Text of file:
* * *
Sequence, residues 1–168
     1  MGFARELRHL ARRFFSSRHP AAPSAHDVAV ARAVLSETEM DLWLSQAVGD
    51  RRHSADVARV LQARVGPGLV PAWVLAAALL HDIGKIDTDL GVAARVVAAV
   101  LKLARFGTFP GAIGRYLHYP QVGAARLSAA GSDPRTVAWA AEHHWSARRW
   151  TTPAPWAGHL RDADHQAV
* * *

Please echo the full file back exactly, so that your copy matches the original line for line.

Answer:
Sequence, residues 1–168
     1  MGFARELRHL ARRFFSSRHP AAPSAHDVAV ARAVLSETEM DLWLSQAVGD
    51  RRHSADVARV LQARVGPGLV PAWVLAAALL HDIGKIDTDL GVAARVVAAV
   101  LKLARFGTFP GAIGRYLHYP QVGAARLSAA GSDPRTVAWA AEHHWSARRW
   151  TTPAPWAGHL RDADHQAV